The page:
I got the dreaded call a week ago. It’s one I’ve been getting a lot lately. My youngest daughter had a fever. I needed to pick her up from daycare within an hour. My wife had an important work meeting and couldn’t do it. And here’s the kicker: The daycare center said my 7-month-old’s breathing was “labored.”
That scared me. A fever is one thing. Trouble breathing sounded like I would be making a trip to the hospital or at least the doctor. Turned out she is teething – that explained the fever – and has another in a seemingly constant stream of colds – hence the congestion.
So, I got her home and got the fever under control with acetaminophen. She went back to sleep and I was able to do some work. Her fever had been over 101 degrees and daycare center rules required she be sent home. I have no problem with that.
But, for me, it did raise a question of whether children in daycare are sent home or kept at home – forcing parents to jump through logistical hoops and miss work - with fevers and other problems that aren’t contagious and don’t require such exclusions?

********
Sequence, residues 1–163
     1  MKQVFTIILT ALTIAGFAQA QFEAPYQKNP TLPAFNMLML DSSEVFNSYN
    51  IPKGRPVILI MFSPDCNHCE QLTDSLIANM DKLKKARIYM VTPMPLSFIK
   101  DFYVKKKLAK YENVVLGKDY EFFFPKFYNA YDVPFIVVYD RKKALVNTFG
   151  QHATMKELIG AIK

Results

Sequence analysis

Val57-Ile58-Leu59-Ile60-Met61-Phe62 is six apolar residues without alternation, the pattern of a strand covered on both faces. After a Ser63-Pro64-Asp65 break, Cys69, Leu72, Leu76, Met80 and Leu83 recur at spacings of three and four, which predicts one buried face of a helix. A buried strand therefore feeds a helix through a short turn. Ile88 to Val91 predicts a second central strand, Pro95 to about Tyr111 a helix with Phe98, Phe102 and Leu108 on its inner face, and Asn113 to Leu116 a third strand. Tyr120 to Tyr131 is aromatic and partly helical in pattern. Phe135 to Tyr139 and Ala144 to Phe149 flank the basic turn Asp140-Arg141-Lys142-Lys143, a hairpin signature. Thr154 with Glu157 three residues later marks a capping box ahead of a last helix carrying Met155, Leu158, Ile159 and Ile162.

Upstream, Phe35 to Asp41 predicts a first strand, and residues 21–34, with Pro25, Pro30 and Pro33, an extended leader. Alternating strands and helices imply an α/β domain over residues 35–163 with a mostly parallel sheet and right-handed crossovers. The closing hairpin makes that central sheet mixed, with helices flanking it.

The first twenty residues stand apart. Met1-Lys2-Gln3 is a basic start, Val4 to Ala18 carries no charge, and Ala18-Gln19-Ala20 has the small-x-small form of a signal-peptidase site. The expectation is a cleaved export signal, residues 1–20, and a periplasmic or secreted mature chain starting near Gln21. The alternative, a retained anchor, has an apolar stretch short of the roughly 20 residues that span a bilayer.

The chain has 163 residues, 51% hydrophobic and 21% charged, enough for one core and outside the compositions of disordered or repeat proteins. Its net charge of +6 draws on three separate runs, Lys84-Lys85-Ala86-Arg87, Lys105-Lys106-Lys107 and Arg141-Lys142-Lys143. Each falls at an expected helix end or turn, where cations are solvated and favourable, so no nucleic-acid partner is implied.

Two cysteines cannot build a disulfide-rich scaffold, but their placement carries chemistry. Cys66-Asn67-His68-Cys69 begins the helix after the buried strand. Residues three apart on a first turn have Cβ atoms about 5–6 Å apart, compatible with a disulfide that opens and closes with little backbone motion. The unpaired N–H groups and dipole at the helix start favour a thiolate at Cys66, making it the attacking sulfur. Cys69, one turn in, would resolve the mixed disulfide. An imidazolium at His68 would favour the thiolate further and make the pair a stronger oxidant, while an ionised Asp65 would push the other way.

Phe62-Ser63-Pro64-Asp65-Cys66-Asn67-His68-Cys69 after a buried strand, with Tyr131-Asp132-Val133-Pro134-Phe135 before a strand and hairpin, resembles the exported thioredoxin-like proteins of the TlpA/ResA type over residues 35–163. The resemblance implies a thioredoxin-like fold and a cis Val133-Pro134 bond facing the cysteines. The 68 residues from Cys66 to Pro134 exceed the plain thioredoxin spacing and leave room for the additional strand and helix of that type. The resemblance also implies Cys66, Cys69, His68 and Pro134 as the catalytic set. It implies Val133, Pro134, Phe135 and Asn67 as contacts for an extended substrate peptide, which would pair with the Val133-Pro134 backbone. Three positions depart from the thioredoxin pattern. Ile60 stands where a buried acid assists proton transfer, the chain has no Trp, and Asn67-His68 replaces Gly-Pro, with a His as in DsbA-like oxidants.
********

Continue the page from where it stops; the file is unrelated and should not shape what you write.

A recent study published in the medical journal Pediatrics found that daycare centers in the Milwaukee area would unnecessarily exclude children 57 percent of the time based on a survey of directors using five scenarios of sick children.
The study by researchers from the Medical College of Wisconsin, the Mayo Clinic, and Cincinnati Children’s Hospital Medical Center noted that child care exclusions create significant economic burdens for parents and businesses. The researchers noted that “mild acute illness accounts for the majority of child care exclusions, many of which have been described as not medically indicated.”
None of the five vignettes used for the survey – including a fever of 101 without other symptoms, a scalp rash, and a runny nose and cough – warranted immediate exclusion from daycare, according to the guidelines developed by national pediatric groups.
“The overall high rates of unnecessary exclusion decisions suggest that all directors, especially inexperienced directors, may need initial and ongoing training regarding … guidelines to reduce the high rates of unnecessary exclusion,” the researchers concluded.